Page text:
The most powerful learning occurs when we use different areas of the brain together to solve problems. When students work with symbols, such as numbers, they are using a different area of the brain than when they work with visual and spatial information, such as an array of dots. Learning and performance is optimised when the two areas of the brain are communicating. Training students through visual representations may improve their maths performance significantly, even on numerical maths.

Students can be excited and inspired when they see mathematics as pictures, not just symbols. For example, consider how you might solve 18 x 5, and ask others how they would solve 18 x 5. Here are some different visual solutions of this problem.

Each of these visuals highlights the mathematics inside the problem and helps students develop understanding of multiplication. Pictures help students *see* mathematical ideas, which aids understanding. Visual mathematics also facilitates higher-level thinking, enables communication and helps people see the creativity in mathematics.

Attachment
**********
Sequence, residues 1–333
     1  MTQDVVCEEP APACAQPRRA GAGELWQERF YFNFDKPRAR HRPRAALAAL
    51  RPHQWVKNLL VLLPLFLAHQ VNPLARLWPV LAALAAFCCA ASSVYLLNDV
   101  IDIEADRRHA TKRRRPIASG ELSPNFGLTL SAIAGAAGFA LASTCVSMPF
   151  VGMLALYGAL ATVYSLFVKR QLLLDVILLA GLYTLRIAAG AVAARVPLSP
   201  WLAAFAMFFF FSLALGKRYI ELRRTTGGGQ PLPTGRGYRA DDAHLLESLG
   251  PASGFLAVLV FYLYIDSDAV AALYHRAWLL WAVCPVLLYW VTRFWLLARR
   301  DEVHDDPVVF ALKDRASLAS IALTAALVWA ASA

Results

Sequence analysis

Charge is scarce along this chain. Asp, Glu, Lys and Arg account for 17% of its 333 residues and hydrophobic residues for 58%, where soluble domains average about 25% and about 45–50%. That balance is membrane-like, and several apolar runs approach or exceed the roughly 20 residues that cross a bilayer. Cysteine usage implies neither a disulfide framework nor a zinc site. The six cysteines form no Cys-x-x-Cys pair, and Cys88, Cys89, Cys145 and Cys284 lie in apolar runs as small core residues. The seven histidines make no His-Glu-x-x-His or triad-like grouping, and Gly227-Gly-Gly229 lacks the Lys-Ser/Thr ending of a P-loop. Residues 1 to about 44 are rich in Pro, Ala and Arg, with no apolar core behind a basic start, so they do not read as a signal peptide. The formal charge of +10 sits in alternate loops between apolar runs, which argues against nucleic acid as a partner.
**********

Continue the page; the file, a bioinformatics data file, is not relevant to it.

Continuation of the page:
Mathematics is a subject that involves precise thinking. But it also involves creativity, openness to new ways of seeing things, visualisation, and flexibility in approach.

Nice neat formulae and procedures are used to solve familiar type questions posed in a familiar way. But understanding is required to solve them when they are presented in an unfamiliar manner. Students should be challenged to discover new ways in which to see and solve problems.

Take the following example.

A man is on a diet and goes into a shop to buy some ham slices. He is given 3 slices which together weigh ⅓ of a pound but his diet says that he is allowed to eat only ^{1}/_{4} of a pound. How much of the 3 slices he bought can he eat while keeping to his diet?

One approach would be to use ratios and algebra as follows:

3: ^{1}/_{3} = x: ¼

9:1 = 4x:1

4x = 9

x = 9/4 =2 ¼

Another would be to solve it visually as follows:

Both methods are equally valid. Both result in the same correct solution. Students who have difficulty with one approach may find success comes easily with the other. Don’t be afraid to experiment. For some doodling on scraps of paper may be an important part of learning and thinking their way through problems to the solutions.

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